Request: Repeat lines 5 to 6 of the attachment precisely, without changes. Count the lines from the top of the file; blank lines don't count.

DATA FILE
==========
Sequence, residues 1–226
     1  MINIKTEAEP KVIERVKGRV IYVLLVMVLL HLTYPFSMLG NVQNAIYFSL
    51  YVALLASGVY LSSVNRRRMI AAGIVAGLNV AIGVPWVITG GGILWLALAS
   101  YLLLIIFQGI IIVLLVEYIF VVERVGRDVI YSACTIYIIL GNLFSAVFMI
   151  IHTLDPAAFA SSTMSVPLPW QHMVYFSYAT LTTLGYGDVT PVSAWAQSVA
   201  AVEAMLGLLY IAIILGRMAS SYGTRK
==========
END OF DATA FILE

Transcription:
   151  IHTLDPAAFA SSTMSVPLPW QHMVYFSYAT LTTLGYGDVT PVSAWAQSVA
   201  AVEAMLGLLY IAIILGRMAS SYGTRK